Anyways, happy Halloween everyone!  Have a great holiday and I will see you this Wednesday for my regularly scheduled post.

Advertising Gone Weird: The Strangeness That is Video Game Commercials

Before we start, I just want you to take a look at this ad.  No seriously, just watch it.  It’ll give you an idea of what’s to come.



Yes, that was an actual ad that ran on actual television for an actual game.  Pole Position was released in 1982 for the Atari 2600, so presumably the commercial came out around that same time.  It’s certainly bizarre, and if there’s a lesson to be learned from it, it’s that God can be a dick sometimes I guess?

But this isn’t the only television commercial for video games that goes absolutely batshit crazy.  Oh no…there’s plenty of them out there.  Like this one that Nintendo released in Australia and New Zealand.



Oh yes…it was a whole thing.  Not half a thing, not even a quarter of a thing, but a WHOLE thing.

Now, these two ads I personally never saw on TV, mostly because one, I don’t live in Australia or New Zealand.  And two, I wasn’t even born when these ads were released.  I found them much later on as part of a article talking about strange video game commercials.  And this weirdness was almost par for the course when it came to video game advertisements, particularly in the ’80s and ’90s.  A possible explanation for this was that the technology was still new, and game companies weren’t sure how to present it to a television audience.  It’s also possible that the people in charge of making the ads had no damn clue what video games were about and so just decided to give good old insanity a try when it came to marketing.

Speaking of insanity, check out this ad for the original Legend of Zelda.



“Now you’re playing with power”?  More like playing with powers beyond mere mortal comprehension.  Poor guy…doomed to forever scour a room searching for a princess that doesn’t exist…

Well I suppose it’s better than the nerd rap commercial they made.  Or is it?  I really don’t know.

In any case, it seems that advertisers had no clue how to market this new technology to people, so they went for the most attention-grabbing tactics they could find.  But were these ads effective?  I can’t really say.  I know that from my own personal experience, television ads for video games rarely, if at all, affected the games I would buy.  Word of mouth and the internet were far better predictors of the games I bought, along with what I read in the gaming magazines I was subscribed to.  Of course, my experience is merely anecdotal, but as far as I can tell the television ads were secondary to the whole thing.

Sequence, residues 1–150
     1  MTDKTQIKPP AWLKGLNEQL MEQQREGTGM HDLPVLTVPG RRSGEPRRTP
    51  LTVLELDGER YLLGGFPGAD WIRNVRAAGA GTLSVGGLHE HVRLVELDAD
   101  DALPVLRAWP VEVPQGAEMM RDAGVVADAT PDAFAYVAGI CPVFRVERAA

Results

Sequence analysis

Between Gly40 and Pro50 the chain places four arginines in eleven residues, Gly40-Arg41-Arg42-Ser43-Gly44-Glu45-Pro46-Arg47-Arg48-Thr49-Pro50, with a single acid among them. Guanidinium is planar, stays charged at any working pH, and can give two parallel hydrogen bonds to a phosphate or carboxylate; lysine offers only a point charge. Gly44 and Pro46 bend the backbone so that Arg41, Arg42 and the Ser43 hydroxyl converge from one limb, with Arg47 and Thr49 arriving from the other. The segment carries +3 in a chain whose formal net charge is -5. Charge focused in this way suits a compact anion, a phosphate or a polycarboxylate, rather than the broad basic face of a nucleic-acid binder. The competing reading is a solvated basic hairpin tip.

But hey, this is all in the past right?  There’s no way they’re still doing this kind of thing in modern times…right?

Wait, what’s this?  An ad for the Playstation 3 about ten years ago?  Well there’s no way this could be weirder than-



…dear god what in the hell did I just witness?  Maybe it’s metaphorical.  Maybe it has metaphysical connotations.  Maybe it’s a musing on the frailty of human life and the terrifying power of the technology it can create.

Or maybe drugs.  Lots of drugs.  Yeah probably drugs.  I’m guessing drugs.

All joking aside, as strange as it might seem there is actually a logic behind these kind of ads.  Because they are not just relegated to the realm of video game marketing.  Have you ever seen an ad that just makes you scratch your head and ask “why would that make me want to buy their product?”  Then you know what I’m talking about.

Back in college I had a class where we talked about the different types of ads marketers will use to sell their products.  At one end of the spectrum you have the typical “problem solution” ads.  An example of this would be those cleaning product advertisements where someone spills something on their shirt, making a stain which is then solved by the appearance of a cleaning product which transforms their shirt into looking good as new.  You see the formula: there’s a problem (stain on the shirt), which is then counteracted by a solution (the cleaning product).  These are probably the most common ads you’ll see on television.

There are other types of ads out there, but in the interest of time we’ll skip to the other end of the spectrum.  These were described in my class as something like “attention ads”.  These ads, rather than straight up selling you a product, will do something to grab your attention.  Most of the time it’s done by being funny, showing something interesting, or in the case of the Playstation 3 ad, fueling unbridled terror in men’s hearts.


And when you look into the abyss, the abyss also looks into you...

And when you look into the abyss, the abyss also looks into you…


The purpose of these ads is not to convince you of the virtue of their product, but to make the ad itself stick into your brain.  These will cause you to remember the ad, and by association, the product with it.  And you know what?  It actually kind of works.  After all these years I can still remember the Playstation 3 baby doll ad but I’d be hard pressed to tell you about any of the Xbox 360 advertisements, which was the Playstation 3’s competitor at that time.  Now whether or not these tactics translate into sales I cannot say.  It’s well-known by now that the PS3 was outsold by the Xbox 360 for almost the entirety of that console generation, but that was largely due to a botched launch.  The PS3 was just too expensive, didn’t have many games worth playing, and the technology was just too awkward for game makers to develop for, which lead to consistent technical issues with their games.  The ads were certainly bizarre, but it’s highly doubtful they led to the failure of the system on any level.